Okay. There are two ways of downloading the data for all the wells in the SPE repository: the manual way (one file at a time with “Save As”), and the non-interactive automated way. The manual way is the easiest and require that you provide your SPE username and password in your usual login page. Then, you click on the link to the repository https://www.spe.org/datasets/, and start right-clicking on each of the files under the data folders.
Introduction This is an example of a straight forward generation of a Vagrant virtual machine. The script necessary to create the VM is written inside the Vagrantfile and has very few lines.
The machines was upgraded to Ubuntu xenial64, as well the R Shiny server and the xenial keys to the repository.
There are several files that document the changes and problems found during the rebuilt of this machine: README, NEWS, BUILD, and HISTORY, all of them markdown files.
vagrant-volve-navarro-BI64G20S2JP8201 This is reproducible work of Machine Learning and Data Science applied to data from the Volve field.
Features This is a VirtualBox Virtual Machine (VM) that is automatically generated using Vagrant.
A few Machine Learning and Deep Learning packages have been installed, such as Scikit-Learn, NLTK, Keras, TensorFlow and Theano. A Vagrant file is used to generate this VM based on Ubuntu 18.04 (bionic64).
Additional packages required for this phase of the ML and DS work are welly, pandas, numpy, seaborn, and lasio.
Introduction This is a compilation of machine learning examples that I found. They are easy to understand, they address a fundamental principle, they explain why they chose a particular algorithm.
Some of them you will find very detailed; others are short and straight to the point. Prerequisites
I used R-3.6.3 and RStudio Preview 1.4. I also plan to use Anaconda, Miniconda and GNU Python for the parts where I make use of Python code.
This is a minimal example of a book based on R Markdown and bookdown (https://github.com/rstudio/bookdown). Please see the page “Get Started” at https://bookdown.org/home/about/ for how to compile this example.
How deep should I go in learning data science, machine learning and computer science?
First of all, of course, we cannot lose focus of [petroleum] engineering. That’s what makes us “the Domain Experts” or SMEs. But this new industrial revolution based on data we are living in, requires a new set of lenses to understand, and discover things that were not so evident few years ago.
I am not saying you should turn in a professional programmer, and neither to be an amateur; it is about learning the bare minimum to be able to state a problem, describe the workflow, discuss with DS and ML experts, and work out a prototype before scaling it.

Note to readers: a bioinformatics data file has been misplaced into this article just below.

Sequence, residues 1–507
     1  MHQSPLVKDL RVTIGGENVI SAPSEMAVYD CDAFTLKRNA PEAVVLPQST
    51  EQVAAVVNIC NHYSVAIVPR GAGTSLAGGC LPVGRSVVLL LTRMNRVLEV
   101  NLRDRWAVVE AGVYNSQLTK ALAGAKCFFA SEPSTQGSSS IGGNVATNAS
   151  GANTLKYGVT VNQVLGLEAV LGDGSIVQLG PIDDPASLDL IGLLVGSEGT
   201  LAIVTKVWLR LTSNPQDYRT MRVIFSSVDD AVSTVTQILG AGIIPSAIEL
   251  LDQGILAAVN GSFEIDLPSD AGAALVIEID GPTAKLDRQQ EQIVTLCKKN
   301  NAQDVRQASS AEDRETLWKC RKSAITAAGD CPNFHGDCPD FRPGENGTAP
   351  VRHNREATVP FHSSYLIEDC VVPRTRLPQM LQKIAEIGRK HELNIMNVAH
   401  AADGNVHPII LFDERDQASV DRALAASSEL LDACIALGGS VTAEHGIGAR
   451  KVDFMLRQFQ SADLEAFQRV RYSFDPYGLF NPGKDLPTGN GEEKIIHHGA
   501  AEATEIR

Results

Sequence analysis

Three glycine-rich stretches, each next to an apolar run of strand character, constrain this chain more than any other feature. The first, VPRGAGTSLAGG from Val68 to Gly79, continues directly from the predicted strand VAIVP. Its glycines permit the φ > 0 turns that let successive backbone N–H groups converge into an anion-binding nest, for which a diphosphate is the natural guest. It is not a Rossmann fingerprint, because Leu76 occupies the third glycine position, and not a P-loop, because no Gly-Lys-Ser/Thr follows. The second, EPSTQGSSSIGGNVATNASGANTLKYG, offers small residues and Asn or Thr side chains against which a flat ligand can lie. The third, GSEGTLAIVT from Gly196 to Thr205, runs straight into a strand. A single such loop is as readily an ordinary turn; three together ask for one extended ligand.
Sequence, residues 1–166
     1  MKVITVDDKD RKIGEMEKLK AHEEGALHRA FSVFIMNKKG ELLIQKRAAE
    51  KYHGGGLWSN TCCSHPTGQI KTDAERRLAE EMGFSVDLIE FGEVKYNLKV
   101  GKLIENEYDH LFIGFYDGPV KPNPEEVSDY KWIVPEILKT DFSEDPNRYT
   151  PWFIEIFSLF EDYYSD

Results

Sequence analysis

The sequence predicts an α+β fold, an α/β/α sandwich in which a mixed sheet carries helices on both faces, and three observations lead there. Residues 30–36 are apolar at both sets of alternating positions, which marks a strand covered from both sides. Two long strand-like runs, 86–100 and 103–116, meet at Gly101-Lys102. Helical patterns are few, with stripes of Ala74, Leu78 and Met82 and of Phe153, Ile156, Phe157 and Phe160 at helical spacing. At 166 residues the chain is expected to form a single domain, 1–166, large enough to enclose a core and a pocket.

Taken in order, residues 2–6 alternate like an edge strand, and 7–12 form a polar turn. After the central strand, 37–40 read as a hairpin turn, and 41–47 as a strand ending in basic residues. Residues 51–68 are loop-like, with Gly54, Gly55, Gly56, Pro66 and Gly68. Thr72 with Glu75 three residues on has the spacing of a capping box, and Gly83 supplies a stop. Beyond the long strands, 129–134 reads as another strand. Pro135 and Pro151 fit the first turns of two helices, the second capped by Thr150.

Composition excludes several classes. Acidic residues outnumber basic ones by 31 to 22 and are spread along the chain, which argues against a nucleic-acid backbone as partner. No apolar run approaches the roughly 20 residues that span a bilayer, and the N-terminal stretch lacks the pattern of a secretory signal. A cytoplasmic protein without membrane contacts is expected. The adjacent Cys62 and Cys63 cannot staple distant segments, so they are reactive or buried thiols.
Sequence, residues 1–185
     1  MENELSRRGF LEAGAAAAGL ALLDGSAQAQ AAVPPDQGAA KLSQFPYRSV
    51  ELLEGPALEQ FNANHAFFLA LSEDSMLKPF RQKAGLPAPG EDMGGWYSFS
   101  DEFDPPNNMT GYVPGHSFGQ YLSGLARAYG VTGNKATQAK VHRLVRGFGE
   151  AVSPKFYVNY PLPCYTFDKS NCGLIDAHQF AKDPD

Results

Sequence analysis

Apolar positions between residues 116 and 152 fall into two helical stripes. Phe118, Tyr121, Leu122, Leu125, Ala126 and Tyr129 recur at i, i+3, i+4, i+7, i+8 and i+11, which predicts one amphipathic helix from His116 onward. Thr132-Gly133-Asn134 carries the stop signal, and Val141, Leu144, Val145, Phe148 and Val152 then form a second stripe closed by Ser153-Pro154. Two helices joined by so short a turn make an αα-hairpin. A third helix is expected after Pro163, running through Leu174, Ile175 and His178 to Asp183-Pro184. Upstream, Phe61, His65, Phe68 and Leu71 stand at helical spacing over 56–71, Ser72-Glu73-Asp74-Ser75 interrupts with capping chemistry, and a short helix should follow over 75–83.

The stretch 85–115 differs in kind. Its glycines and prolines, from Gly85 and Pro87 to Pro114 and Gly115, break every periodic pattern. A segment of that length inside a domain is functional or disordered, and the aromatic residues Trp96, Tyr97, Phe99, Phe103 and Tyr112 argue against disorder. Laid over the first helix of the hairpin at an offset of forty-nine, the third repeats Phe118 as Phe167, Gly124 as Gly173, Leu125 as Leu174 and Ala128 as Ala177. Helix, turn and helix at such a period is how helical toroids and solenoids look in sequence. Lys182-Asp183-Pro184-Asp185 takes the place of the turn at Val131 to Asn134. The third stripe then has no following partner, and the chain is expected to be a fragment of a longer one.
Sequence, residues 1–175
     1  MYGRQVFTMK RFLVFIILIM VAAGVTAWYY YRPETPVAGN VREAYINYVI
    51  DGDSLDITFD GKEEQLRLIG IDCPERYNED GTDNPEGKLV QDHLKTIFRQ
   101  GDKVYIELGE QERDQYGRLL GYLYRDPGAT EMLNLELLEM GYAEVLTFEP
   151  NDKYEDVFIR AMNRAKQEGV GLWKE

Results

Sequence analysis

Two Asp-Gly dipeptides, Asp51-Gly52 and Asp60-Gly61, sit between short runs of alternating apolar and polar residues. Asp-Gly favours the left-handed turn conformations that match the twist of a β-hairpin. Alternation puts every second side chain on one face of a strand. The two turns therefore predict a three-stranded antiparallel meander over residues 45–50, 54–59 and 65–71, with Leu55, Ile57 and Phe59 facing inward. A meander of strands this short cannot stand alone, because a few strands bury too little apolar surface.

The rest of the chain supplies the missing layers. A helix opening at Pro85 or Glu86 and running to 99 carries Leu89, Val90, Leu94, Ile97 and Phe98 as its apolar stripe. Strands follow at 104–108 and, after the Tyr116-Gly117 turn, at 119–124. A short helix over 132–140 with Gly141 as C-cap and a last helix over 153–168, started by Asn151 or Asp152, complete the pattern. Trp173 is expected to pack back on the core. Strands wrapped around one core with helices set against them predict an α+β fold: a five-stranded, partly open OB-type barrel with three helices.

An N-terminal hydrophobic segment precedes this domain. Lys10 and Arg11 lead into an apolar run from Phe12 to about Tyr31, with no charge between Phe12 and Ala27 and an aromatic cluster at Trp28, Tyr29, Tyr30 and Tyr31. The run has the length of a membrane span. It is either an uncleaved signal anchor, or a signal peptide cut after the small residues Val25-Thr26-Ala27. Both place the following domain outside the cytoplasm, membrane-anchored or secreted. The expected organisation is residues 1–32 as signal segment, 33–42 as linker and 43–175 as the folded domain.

For those working in #oilandgas #productionoptimization this will make a good addition to your #datascience and #machinelearning toolkit. I’m working on the last details of new #rstats package rProsper.
rProsper adds batch automation, dataframe generation, customized ggplot2 plotting, and powerful statistical analysis to the daily well modeling workflow. It makes production optimization faster and more reliable where well models are not treated as isolated units (one model, one file) but part of a statistical worldview (one well, one row).
dataviz-wilke 2020 This book “Fundamentals of Data Visualization` by Claus Wilke has been made fully reproducible using a Docker container. The compiled book can be read online here. The original repository of the book is in GiHub at this link, and can also be read online here.
The book is great at learning advanced visualization techniques using R without focusing too much on the code but rather on universal, timeless best practices.
rOpenserver package The goal of rOpenserver is providing an R interface to Petex (Petroleum Experts) applications Prosper, GAP and MBAL to perform automated tasks, generate datasets for statistical analysis, and advanced fine control of solvers and calculations.
Installation rOpenserver is not in CRAN yet but in the meantime, you can install it from GtiHub using the devtools package, from the rOpenserver repository with:
install.packages("devtools") devtools::install_github("f0nzie/rOpenserver", dependencies = TRUE) The argument dependencies has the role of downloading and installing packages that are key for rOpenserver, such as R6 and RDCOMClient.
Introduction I have been working a lot lately with LaTeX and TikZ graphics. I am preparing a paper and few articles that need some sketches and wasn’t able to find the right tool to do it. I am a markdown guy and almost everything I write is either in Markdown or Rmarkdown files. One of the last documents I wrote using Rmardown was the transcript of the interview to Professor John Hopfield.